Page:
In 2010 and beyond, there will be no room for HR solutions that don’t cover the full remit of the HR director, from reward to payroll. Team leaders need all the information about their workforce at their fingertips, while section managers need a solution that removes the need for the duplicated effort of entering details into more than one system. And across the business, managers are increasingly comfortable with self-service HR that enables them to make requests for holiday and flexible benefits, and to enter information about sickness, expenses and other team needs.
As well as covering the needs of all involved in personnel management, HR as you like it will also have to cover the entire employee lifecycle, from the administration of web recruitment through to salary planning and talent management.
HR solutions should put workforce information at the HR team’s fingertips, delivering all elements of HR and payroll from a single platform. And why not go beyond that, integrating further complementary information and tools, such as access to business intelligence, data reference-checking tools, weather reports and news feeds.
The tailored approach
It goes without saying that every organisation’s HR needs are slightly different, so HR ‘as you like it’ must be the opposite of a one-size-fits-all approach. Deployment must be on the HR and IT directors’ terms – some will want the assurance of software installed in the building, while others need the flexibility of a hosted solution. And in the future, companies many want a combination of the two approaches to suit all their offices, or will need to know they can swap between models when business needs change.
HR solutions must be able to scale to an organisation’s needs. The business may only require new payroll and monitoring tools now, but HR directors are already planning for a time – hopefully in the next year or so – when they will need to add modules for further areas of HR, without needing different software packages. They need to be able to add more ‘seats’ without then making their HR solution prohibitively expensive, supporting new staff and divisions.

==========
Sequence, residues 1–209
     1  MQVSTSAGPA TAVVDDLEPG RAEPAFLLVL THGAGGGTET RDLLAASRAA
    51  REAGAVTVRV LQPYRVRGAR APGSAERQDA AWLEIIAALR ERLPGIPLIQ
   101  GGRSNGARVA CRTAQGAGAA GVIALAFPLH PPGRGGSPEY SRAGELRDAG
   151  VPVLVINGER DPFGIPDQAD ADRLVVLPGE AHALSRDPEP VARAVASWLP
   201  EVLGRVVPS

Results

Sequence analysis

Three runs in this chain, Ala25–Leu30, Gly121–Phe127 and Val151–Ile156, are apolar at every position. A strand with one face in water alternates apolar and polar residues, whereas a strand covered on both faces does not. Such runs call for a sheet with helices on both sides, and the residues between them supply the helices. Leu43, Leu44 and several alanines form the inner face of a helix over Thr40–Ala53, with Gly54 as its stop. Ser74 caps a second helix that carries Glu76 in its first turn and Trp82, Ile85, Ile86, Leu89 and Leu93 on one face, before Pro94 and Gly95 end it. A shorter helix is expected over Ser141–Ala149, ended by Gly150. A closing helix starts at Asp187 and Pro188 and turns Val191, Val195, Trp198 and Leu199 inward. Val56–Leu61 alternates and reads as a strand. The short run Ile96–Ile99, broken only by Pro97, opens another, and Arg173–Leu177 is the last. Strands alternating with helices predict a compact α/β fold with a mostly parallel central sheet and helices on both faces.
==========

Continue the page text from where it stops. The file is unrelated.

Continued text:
For example, HR as you like it would mean you could have a managed payroll solution and in-house HR processes running on the same, hosted platform. You could then have the option to migrate to managed HR in the future, but keep reporting and Business Intelligence under your direct control.
Using software to win the war for talent
The war for talent is only going to increase as organisations remove recruitment freezes and start to re-hire. HR directors are preparing for this now by ensuring their HR platform is more than just a repository for data, but is returning valuable analysis that enables strategic decision making.
HR platforms should also support ongoing talent management, which has been pushed to one side for the last year while immediate survival tactics took priority. HR directors need to know that the right people are in the right jobs, for now and for the future. Training schemes and improving skills through broadening the workforce’s experience are coming back on the agenda. As HR directors ask “who are tomorrow’s VPs?”, their software should be supporting them by highlighting the people with the right background and attitude, who could be challenged now to gain the skills they need for future roles.
Seeing real returns on HR investment
As HR directors plan for the future, getting financial sign off in the present may well be the biggest challenge. But as organisations look for real value, knowing that they are choosing tried-and-tested solutions that are future-proof is becoming a priority. The real business case will come from proving that the new solution will enable the HR team – and the wider business – to focus on their core competencies, rather than getting bogged down in data entry and analysis that could be automated, across the entire programme of people management.
Organisations that are preparing for the upturn need to be focused on what they do best, not on HR administration and management, while also knowing that they have a solution in place that they can trust. HR directors need to demand the best for their people, now and in the future. The time to re-evaluate and really examine what your organisation needs is now.